A magistrate judge said the defence and prosecution were "engaging in discussions concerning a possible disposition", indicating a plea bargain in which Madoff would plead guilty in return for a lighter sentence.
Such extensions are sometimes repeated numerous times and even if there is no bargain, an actual trial is unlikely to start until late this year at the earliest, lawyers say.
So while prosecutors believe they have an open-shut case against Madoff - who allegedly confessed to scamming investors for decades in a so-called Ponzi scheme - he may be able to drag out proceedings and remain in his luxury home for the foreseeable future.
Albert said outrage from victims of Madoff's alleged swindle put "intense public scrutiny" on prosecutors.
However, "for a trial to start six months from now would be ambitious. I'd be surprised".
In medieval Europe, the nobility could not be charged with crimes. Indeed Erzsébet Báthory got away with all the murders she committed (about 600 young women) simply because as a member of the nobility she was above arrest. It took a special act of Parliament to revoke this immunity followed by her arrest by Emperor Matthias II to end her crimes ... for which she was sentenced to live in her castle!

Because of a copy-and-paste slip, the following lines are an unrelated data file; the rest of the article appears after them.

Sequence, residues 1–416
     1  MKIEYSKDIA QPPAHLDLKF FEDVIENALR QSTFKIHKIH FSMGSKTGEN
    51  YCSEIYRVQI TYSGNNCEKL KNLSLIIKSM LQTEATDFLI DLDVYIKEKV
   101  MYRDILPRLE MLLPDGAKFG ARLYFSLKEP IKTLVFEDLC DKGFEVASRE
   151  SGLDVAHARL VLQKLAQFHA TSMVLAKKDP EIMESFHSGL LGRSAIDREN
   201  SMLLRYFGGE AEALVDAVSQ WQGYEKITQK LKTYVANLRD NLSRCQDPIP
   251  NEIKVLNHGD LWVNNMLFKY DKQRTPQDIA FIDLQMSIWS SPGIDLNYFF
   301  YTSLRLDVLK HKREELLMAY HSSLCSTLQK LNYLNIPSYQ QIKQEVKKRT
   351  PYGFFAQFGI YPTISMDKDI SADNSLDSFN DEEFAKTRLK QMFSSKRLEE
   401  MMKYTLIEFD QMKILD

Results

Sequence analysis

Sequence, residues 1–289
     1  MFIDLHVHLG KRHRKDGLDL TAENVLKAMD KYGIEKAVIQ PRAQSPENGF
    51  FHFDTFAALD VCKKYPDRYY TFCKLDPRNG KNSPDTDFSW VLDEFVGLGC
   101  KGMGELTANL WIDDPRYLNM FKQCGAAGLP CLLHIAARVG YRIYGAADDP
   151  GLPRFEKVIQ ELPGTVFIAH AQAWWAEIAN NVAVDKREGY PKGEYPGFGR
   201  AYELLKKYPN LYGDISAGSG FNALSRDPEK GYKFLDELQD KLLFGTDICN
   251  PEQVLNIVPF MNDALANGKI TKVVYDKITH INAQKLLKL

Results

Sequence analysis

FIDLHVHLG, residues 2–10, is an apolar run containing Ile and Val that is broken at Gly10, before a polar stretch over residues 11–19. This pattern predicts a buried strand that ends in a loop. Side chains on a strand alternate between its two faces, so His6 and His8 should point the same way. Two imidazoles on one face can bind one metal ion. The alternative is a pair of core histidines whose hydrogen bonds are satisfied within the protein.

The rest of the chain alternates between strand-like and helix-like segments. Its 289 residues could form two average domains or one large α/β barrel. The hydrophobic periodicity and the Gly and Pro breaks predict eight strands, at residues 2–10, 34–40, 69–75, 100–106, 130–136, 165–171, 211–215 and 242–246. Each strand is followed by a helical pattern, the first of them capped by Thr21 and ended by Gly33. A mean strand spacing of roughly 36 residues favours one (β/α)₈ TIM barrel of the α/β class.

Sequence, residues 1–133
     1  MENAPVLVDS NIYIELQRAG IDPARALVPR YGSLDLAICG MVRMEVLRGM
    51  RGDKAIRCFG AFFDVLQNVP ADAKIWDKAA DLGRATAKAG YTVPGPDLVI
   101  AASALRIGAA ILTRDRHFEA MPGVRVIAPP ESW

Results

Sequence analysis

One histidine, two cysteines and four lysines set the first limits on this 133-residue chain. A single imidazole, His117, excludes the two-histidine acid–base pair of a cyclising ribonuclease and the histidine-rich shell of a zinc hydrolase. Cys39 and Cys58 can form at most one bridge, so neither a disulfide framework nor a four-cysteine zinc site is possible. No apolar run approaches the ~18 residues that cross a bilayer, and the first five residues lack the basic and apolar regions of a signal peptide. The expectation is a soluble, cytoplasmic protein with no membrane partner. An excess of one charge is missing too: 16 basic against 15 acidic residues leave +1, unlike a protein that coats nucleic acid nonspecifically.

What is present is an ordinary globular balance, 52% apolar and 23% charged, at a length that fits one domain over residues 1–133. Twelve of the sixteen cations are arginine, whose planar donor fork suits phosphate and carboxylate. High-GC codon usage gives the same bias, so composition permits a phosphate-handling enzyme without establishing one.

And here we have the same thing all over again; a member of the economic "nobility", a record setting crime, and a sentance to remain in their own home.
"All men are created equal?" Not in the United States of America. Certain types of men are more equal than others!